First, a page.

1) No further Federal Reserve QE is planned as the Fed states near full employment has been reached...hard to believe given this  Regardless, the Fed states interest rate raises will commence as early as June, however balance sheet normalization –the idea that the Federal Reserve would “normalize” over some period from the $4.5 trillion current balance sheet back to perhaps $1.5 trillion (still double the amount the Fed held prior to ’08) would require a sustained multi-year (6yrs up, 6 yrs down?) plan of selling and/or rolling off assets.  Given the balance sheet composition of MBS ($1.74 T) and Treasury ($2.46 T), the Fed leaked rumors have state the goal of primarily reducing Treasurys.  This would reduce Treasury holdings to about $500 billion and reduce MBS to $1 trillion.  The Fed’s reduction means someone else (Domestic Public) needs to buy this $333 billion of Treasury debt and about $115 billion of MBS…of course while simultaneously purchasing all new issuance.  Again, this totals about an $800 billion annual increase in low yielding debt by the Domestic Public.

2) Another option certainly could be that “foreign holdings” in BLIC (Belgium, Luxembourg, Ireland, Cayman Islands), and Japan effectively re-double their holdings, as they did from July ’11 through ’14.  Or perhaps the ECB or BOJ or other central banks could step in to buy US Treasury’s via dollar swaps with the Fed?  But the Fed loaning, swapping (giving away?) money so it can reduce its balance sheet is again kicking the can or playing a silly shell game.

Still, that appears what has happened since July 2011, as China has been a net seller since then and off shore financial centers have quadrupled their holdings (below).

Source, TIC, Federal Reserve

Note that China, although running record trade surplus’ with the US over this period in excess of $1 trillion has been a net seller of US Treasury debt (quite a change from the previous decade long pattern of recycling 50% of their trade surplus into US Treasury debt).  BLIC and Japan (despite running record trade and budget deficits) buy record quantities at record low yields.  My point with China is the big change in trend…3.5 years (Dec ’08 to July ’11), China purchased $588 billion in Treasury debt. Over the next 3.5 years (July ’11 til Dec ’14), despite a larger dollar surplus, China net sold -$71 billion. Something significant changed.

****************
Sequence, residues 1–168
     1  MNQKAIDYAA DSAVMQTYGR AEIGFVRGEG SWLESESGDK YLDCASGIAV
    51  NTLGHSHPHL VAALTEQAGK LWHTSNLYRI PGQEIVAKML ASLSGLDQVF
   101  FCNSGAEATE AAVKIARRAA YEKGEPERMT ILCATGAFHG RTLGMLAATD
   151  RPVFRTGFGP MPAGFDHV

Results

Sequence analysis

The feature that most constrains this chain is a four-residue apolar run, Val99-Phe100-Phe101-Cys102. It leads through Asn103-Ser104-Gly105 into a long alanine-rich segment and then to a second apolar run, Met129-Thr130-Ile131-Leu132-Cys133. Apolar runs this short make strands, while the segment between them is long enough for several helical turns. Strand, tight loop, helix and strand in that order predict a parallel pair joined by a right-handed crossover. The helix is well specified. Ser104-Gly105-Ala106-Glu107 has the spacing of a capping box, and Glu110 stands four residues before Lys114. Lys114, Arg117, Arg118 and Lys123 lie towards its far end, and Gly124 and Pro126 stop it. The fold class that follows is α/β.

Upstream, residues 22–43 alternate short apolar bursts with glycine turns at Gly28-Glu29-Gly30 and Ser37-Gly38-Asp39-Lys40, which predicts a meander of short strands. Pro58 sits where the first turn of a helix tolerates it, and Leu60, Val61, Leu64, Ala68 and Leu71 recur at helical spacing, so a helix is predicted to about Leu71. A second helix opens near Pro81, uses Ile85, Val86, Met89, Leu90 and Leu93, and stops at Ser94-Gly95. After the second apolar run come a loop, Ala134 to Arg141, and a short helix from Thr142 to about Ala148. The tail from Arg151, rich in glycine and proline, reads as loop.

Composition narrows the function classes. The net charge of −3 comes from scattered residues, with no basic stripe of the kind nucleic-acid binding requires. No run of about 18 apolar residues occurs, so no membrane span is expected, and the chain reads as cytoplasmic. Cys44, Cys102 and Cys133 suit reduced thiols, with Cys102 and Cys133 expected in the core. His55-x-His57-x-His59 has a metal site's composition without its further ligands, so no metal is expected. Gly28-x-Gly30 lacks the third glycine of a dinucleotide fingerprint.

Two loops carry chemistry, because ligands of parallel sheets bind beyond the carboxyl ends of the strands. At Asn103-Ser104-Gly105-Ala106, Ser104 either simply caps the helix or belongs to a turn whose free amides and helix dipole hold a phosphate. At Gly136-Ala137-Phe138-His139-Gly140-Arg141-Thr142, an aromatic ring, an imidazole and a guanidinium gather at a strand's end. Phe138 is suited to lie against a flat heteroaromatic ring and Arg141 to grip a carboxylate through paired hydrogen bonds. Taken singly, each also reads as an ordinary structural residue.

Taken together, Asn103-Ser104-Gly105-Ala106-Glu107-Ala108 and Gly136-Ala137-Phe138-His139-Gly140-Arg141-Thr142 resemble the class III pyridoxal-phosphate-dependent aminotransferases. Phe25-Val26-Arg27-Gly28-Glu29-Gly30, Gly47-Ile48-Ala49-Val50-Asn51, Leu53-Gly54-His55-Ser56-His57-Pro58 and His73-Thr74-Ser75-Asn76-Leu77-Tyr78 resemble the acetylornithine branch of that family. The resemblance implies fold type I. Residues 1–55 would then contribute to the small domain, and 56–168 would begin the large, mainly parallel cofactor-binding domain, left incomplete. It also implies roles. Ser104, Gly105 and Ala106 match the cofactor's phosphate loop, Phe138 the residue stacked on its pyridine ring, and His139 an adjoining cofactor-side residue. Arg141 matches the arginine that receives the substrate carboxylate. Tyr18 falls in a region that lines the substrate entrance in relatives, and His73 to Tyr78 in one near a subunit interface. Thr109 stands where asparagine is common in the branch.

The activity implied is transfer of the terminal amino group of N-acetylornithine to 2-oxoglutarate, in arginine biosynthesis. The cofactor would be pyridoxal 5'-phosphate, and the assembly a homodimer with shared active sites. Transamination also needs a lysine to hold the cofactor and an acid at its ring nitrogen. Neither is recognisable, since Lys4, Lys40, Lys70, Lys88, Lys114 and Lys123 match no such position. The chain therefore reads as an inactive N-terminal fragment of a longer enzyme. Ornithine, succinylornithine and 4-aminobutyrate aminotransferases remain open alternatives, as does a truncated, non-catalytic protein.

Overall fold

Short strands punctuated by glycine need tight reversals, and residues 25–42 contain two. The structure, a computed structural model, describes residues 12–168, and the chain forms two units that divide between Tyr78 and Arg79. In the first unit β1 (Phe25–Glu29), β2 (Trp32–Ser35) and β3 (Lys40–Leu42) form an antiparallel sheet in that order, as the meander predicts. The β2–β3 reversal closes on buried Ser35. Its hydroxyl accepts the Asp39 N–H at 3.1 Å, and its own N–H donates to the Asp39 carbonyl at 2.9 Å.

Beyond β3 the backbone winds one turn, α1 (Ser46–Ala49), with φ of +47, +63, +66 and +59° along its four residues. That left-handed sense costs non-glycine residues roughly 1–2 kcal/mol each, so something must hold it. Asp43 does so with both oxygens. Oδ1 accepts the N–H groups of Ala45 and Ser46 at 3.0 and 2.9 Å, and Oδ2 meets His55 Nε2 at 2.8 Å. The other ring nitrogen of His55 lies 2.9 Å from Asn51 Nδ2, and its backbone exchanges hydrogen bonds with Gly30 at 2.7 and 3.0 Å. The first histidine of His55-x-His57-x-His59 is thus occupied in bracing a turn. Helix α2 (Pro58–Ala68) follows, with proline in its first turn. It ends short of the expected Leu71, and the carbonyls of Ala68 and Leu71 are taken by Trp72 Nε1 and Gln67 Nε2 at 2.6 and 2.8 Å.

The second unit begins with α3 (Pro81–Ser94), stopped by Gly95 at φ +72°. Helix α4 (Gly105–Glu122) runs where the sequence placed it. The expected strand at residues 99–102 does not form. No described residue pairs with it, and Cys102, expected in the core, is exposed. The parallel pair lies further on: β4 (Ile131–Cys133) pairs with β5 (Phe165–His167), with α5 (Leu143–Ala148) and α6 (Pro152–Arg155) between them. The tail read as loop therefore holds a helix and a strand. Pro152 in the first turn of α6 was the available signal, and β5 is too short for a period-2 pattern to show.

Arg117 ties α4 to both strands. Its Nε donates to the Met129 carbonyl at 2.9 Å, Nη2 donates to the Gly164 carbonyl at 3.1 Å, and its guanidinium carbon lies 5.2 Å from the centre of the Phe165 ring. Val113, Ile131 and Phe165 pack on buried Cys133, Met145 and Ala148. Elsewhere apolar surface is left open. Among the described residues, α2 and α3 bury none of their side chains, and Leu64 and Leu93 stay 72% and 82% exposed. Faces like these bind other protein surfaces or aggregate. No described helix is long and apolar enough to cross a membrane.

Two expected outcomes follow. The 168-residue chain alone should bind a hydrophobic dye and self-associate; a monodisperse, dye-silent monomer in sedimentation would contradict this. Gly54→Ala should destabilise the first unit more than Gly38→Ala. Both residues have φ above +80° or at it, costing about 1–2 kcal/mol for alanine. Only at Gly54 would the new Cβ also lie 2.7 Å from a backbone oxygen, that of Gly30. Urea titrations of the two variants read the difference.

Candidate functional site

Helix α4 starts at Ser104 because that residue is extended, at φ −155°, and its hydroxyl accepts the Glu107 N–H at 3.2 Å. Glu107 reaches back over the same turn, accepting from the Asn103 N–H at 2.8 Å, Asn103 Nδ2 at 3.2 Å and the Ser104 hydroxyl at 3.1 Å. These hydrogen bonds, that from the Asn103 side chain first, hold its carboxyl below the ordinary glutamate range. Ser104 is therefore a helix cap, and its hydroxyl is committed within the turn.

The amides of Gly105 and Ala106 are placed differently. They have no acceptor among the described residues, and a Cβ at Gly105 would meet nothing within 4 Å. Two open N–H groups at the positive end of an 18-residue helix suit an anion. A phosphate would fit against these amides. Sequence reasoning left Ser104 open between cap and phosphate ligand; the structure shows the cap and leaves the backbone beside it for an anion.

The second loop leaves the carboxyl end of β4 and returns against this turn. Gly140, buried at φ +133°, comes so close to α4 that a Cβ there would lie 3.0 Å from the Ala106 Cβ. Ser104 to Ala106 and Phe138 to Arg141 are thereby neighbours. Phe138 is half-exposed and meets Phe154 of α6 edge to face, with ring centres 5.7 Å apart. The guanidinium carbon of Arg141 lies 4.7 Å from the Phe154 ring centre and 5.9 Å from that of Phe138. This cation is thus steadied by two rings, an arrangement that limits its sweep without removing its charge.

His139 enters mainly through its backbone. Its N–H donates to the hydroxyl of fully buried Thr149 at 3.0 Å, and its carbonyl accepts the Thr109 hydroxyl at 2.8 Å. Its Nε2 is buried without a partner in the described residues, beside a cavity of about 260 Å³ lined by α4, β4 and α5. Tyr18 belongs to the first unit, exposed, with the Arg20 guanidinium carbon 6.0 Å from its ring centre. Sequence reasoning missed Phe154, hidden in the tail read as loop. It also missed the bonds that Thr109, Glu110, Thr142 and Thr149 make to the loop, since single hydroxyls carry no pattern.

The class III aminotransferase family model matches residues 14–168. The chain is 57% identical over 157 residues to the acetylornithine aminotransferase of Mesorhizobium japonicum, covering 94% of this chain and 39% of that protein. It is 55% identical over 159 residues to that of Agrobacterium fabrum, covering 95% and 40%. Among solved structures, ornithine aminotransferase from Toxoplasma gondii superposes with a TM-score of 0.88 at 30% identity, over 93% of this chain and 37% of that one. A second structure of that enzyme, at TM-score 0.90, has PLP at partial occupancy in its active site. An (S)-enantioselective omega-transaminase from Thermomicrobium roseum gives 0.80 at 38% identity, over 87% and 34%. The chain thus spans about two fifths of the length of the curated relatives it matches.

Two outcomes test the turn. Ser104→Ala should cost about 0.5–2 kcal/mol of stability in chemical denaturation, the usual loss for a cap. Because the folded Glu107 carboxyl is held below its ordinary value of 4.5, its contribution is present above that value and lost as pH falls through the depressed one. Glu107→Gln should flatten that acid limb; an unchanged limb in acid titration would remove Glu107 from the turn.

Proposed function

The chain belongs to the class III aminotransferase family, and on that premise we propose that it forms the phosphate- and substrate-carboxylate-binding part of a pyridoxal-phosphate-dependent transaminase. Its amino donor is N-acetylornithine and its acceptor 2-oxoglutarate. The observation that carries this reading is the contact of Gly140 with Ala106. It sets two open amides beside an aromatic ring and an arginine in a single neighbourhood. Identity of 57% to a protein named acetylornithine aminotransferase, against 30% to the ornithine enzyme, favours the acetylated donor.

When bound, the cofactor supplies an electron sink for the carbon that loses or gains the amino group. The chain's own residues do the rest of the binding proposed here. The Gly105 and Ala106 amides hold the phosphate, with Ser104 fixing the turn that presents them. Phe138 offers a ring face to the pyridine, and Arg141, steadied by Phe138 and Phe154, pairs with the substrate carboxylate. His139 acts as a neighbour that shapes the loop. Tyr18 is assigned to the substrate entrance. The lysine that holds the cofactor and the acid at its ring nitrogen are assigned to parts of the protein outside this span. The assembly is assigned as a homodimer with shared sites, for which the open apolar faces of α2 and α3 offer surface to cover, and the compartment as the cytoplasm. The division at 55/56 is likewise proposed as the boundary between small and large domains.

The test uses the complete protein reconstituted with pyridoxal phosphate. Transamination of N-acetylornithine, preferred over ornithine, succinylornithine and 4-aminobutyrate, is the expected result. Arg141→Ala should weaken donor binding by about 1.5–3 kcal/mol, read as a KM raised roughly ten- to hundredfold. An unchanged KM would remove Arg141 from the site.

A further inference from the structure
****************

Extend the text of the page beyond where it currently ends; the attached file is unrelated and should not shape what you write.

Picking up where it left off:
The reason I picked July ’11 was due to the failed debt ceiling debate concluded in July ’11. At that point the US Congress determined to neither cut spending nor raise taxes in any significant manner. The change in trend from China (transitioning from Treasury debt to gold), change in trend for gold prices (peaking in August ’11), the unbelievable change in Treasury buying from Belgium, Luxembourg, Ireland, Cayman Islands (picking up for China’s absence) – all these changed on a dime as of July ’11.

Source, TIC
Note in the below chart that BLIC has purchased nearly equivalent Treasury debt to that of the Federal Reserve since July ‘11.  Perhaps these nations will entirely take over purchasing in the post QE period???

Source, TIC, Federal Reserve
And since the “taper” announcement in Dec ‘13…BLIC and Japan keep on keeping on…and BRICS opt out.

Source, TIC
Close up on the BRICS since the taper announcement (below).

Source, TIC
So, we have two scenarios:

1) Get Ponzi'er with the Fed-directed scheme of more QE or Fed sponsored Treasury buying in BLIC nations (with no dollar surplus’) used to mop up the selling in BRICS nations (with dollar surplus’) and mask the lack of domestic buying.  All this to maintain even lower rates to facilitate even more debt.

2) A no-win scenario of the domestic public buying the majority of Treasury debt at low rates (bankrupting the public due to the extremely low yields) or buying Treasurys at high rates (bankrupting the federal government in interest payments).  The retraction of domestically available cash to purchase Treasury's would detract 5% from GDP and crush economic activity.


I know it seems ludicrous and yet those are the choices before us after the Fed's temporary(?) quantitative easing synthetically created demand for a real, permanent supply of debt.  Ramp up the Fed's Ponzi / Pyramid (and crash) or leave it up to the public (and crash).  Unfortunately, the Federal Reserve directed pyramid or ponzi scheme seems to be the only politically viable option (at least by this means, the Fed can help select winners and losers)…but even with this, time is rapidly running out due to collapsing global credit and debt creation (see  The much feared printing leading to hypermonetization or hyperinflation followed by depression is now in the batters box…